These are trying times in the world of commercial real estate. Skilled labor in the construction industry is still seeing a substantial decline since the 2008 recession. The rise of eCommerce has lessened the appeal of the physical retail space. But the demand isn’t gone altogether. Instead, tenants and consumers alike are looking to commercial real estate investors to fulfill new needs in the market. Consider this your 2020 new construction report. What commercial building trends can you use to attract tenants?
New Construction: Creating Combined Fulfillment Centers
The increase in eCommerce options readily available to consumers has certainly taken its toll on the brick and mortar retail industry. Nonetheless, the products have to start somewhere. Small to medium-sized retail operations are looking for ways to ship for less – after all, most consumers don’t expect to pay shipping costs, thanks to Amazon Prime.
Enter combined fulfillment centers, a place where essential store functions and shipping from the store come together and eliminate the need for expensive centralized fulfillment centers. Previous retail construction used up all but a small piece of the store footprint for in-store sales, leaving little to no room for loading docks and other industrial warehouse features. But many small to medium-sized operations are shipping out more orders than they make in front of the house, especially when partnered with major retailers and logistics operations as a third-party seller. The solution? New construction that offers retailers commercial storage space, fitting seamlessly with their day-to-day operations.
The back of the house isn’t the only retail space that is drastically changing. Amazon Go has introduced an entirely new concept in the world of retail check out. Consumers can walk out of the store with exactly what they needed without waiting in line. Sensors automatically detect the items and the guest, deducting their end cost from their Amazon account. This may not be something that you can expect in every brick and mortar by 2020, but new construction should take this smart technology into account in the coming years.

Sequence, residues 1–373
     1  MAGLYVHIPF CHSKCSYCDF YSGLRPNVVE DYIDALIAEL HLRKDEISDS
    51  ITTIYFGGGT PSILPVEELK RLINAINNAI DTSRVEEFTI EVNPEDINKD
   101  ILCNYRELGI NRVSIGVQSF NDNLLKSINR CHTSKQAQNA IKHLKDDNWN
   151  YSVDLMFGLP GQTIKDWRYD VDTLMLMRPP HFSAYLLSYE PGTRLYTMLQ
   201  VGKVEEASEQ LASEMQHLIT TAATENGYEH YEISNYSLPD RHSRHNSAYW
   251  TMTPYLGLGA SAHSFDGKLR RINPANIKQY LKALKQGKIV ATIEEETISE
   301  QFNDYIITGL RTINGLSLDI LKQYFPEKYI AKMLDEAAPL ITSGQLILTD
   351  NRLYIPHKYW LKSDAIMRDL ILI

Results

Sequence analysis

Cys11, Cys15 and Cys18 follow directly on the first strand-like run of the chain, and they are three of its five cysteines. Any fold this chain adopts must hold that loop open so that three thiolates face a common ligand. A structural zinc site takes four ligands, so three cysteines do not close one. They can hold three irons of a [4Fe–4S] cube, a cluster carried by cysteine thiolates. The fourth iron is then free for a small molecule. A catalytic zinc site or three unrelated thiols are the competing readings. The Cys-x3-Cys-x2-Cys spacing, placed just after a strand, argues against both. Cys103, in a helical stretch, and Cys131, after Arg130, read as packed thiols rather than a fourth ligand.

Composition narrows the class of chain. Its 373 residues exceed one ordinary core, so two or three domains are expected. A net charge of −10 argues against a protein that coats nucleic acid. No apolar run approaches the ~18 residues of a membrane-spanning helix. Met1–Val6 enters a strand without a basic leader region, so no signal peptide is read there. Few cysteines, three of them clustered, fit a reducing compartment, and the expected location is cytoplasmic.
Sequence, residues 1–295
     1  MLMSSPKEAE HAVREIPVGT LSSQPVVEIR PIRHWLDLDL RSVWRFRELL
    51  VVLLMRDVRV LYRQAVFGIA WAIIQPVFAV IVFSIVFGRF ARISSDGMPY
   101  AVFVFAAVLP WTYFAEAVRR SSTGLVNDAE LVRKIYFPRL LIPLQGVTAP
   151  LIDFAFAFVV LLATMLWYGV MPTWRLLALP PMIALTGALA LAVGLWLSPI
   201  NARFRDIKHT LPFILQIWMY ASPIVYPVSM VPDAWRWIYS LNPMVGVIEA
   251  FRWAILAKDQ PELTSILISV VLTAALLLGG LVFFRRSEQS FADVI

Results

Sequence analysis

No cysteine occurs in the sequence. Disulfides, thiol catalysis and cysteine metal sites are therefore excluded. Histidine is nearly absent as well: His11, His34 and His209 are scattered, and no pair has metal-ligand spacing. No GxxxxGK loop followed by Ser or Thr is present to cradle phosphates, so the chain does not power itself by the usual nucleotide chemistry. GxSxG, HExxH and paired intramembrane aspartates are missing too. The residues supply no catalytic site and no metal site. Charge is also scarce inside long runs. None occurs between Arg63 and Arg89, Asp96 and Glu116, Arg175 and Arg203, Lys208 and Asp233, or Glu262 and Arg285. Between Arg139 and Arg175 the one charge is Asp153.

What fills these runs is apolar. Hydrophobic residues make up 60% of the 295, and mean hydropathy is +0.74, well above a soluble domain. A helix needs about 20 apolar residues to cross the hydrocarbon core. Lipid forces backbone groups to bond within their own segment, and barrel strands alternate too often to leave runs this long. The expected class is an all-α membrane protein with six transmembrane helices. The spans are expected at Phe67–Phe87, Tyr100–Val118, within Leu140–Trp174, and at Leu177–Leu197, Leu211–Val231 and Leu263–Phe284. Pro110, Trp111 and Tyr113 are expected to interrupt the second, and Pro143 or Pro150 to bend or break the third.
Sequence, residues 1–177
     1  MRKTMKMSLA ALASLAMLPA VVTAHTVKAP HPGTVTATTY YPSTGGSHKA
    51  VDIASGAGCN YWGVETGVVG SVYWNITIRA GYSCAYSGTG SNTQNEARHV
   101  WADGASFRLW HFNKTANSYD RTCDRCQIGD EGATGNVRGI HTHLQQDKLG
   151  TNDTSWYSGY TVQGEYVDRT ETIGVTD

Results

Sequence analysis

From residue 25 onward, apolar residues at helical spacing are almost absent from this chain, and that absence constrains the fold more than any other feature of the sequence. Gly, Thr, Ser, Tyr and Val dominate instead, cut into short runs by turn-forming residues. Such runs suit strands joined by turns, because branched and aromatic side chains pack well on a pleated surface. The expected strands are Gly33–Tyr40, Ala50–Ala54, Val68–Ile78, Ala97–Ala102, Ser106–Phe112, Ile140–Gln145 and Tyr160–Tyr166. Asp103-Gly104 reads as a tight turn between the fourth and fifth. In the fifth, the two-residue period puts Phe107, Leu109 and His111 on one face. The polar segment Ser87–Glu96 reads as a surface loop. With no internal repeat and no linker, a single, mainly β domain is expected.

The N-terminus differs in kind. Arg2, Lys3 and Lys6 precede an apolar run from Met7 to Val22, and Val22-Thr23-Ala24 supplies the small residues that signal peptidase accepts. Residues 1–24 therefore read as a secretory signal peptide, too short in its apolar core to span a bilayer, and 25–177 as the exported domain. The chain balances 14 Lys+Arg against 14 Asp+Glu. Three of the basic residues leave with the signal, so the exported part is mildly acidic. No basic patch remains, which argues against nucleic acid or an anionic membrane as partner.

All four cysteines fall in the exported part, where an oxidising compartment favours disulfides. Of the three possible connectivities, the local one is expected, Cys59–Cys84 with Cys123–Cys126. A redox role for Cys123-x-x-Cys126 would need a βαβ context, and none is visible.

Meeting the New Green Building Standard
A new level of green building standard has now come to be expected, and rewarded, by everyone from consumers to government agencies. In developed areas, the building environment contributes to approximately 40% of the local carbon footprint. By taking steps toward more sustainable construction practices, firms can earn the loyalty of environmentally conscious consumers and reap the benefits of government mandates.
Making a difference starts from the ground up. Construction methods and materials are the first step in a more sustainable future for the industry. For most firms, rework is the most expensive and prohibitive blocker to productivity. Prefabrication allows for the design to take place off-site, creating a more energy-efficient process. Predictable, flexible materials can be used to reduce the need for rework, effectively closing the sustainable performance gap.
Working our way up the construction ladder, the next rung in a sustainable building future is choosing the right materials. The endlessly recyclable nature of man-made steel makes it an obvious choice for green building, but most commercial builders are also looking at the life of the structure itself. Low maintenance buildings that require fewer repairs and replacements over the years benefit the owner’s bottom line and the environment.
Saving Money and The Planet with Adaptive Reuse
If your firm has previously only considered taking on new construction projects, it may be time to change your philosophy. Big box retailers that used to take up major square footage in malls and shopping centers are increasingly going out of business. This empty space has created a great deal of room in the market for creative renovations. How can big box stores be transformed to fill other needs in the market?
Since most big box stores were steel structures, the interior is uninhibited by interior columns for up to 300 feet of width. This space can easily be reworked to create smaller retail units or even new housing opportunities. Rework with minimal demolition and reuse of the main structure of the building not only meets the new green building standard but saves a great deal of time and money when compared to new construction.
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